Posted: 06/01/16 23:58
by Dave Mindeman
The Justice Department issued a ruling today in regards to the Jamar Clark case. They declined to charge.
This announcement was made by the U.S. Attorney's Office in Minnesota, which said that a comprehensive investigation into Clark's death was unable to prove "beyond a reasonable doubt" that an officer involved sought to violate his civil rights.
That type of ruling was expected here and is probably correct in regards to violating civil rights. It is hard to prove that the officers "intentionally" sought to deprive Jamar Clark of his civil rights.
But there still seems to be an underlying problem here.
When we talk about officer involved shootings, all of the discretion is given to the police officers. In regards to deprivation of civil rights the standard is high:
"It is not enough to show that the officer made a mistake, acted negligently, acted by accident or mistake or even exercised bad judgment."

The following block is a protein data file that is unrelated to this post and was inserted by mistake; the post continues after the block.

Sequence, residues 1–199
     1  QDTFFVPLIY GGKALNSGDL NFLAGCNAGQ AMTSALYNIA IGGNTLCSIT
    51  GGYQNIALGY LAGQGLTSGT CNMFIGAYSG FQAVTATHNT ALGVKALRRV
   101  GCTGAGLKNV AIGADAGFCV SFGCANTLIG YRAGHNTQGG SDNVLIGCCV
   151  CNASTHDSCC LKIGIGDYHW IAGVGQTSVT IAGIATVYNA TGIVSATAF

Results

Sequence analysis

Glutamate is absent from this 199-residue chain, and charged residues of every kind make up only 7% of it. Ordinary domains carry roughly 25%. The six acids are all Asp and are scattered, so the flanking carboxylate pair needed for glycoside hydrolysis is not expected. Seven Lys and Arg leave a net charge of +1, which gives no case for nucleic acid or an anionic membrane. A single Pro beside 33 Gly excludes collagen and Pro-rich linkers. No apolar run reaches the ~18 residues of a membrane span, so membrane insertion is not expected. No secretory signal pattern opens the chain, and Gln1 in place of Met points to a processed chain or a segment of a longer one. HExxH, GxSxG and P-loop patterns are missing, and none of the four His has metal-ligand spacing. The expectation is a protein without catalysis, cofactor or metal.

Alright, if that is the definition, then the US Attorney made the right announcement.
But maybe we need to take a look at how we approach these cases at the local level. If an officer acts negligently or exercises bad judgment, maybe that doesn't rise to the level of a civil rights violation, but it is an action that should be viewed with alarm.
A police officer has a tough job. Yes, we all agree on that. But a reckless cop is a dangerous cop. A policeman that acts in a negligent manner should have consequences. A policeman who uses bad judgment should be accountable.
When an unarmed person gets killed by a police officer within seconds of the officer arriving on the scene, something is terribly wrong. You can dismiss willful intention and you can question murder charges, but you cannot simply exonerate what happened as if it was nothing.
A person died. And that person died because of police judgment and action.
Preserve and protect. That is the motto isn't it? No matter how tough the job, there should still be accountability. Yes, the police have the absolute right to defend themselves and taking on suspects with weapons has an entirely different meaning.
But too many unarmed people are ending up dead from officer shootings and that just should not be.
This cannot end here. There should be more review and more public input. A full examination of police procedure is warranted.
I am glad that the investigation was thorough and I think we can be confident that under the established guidelines, a proper decision was made.
But maybe, just maybe, those established guidelines are incorrect.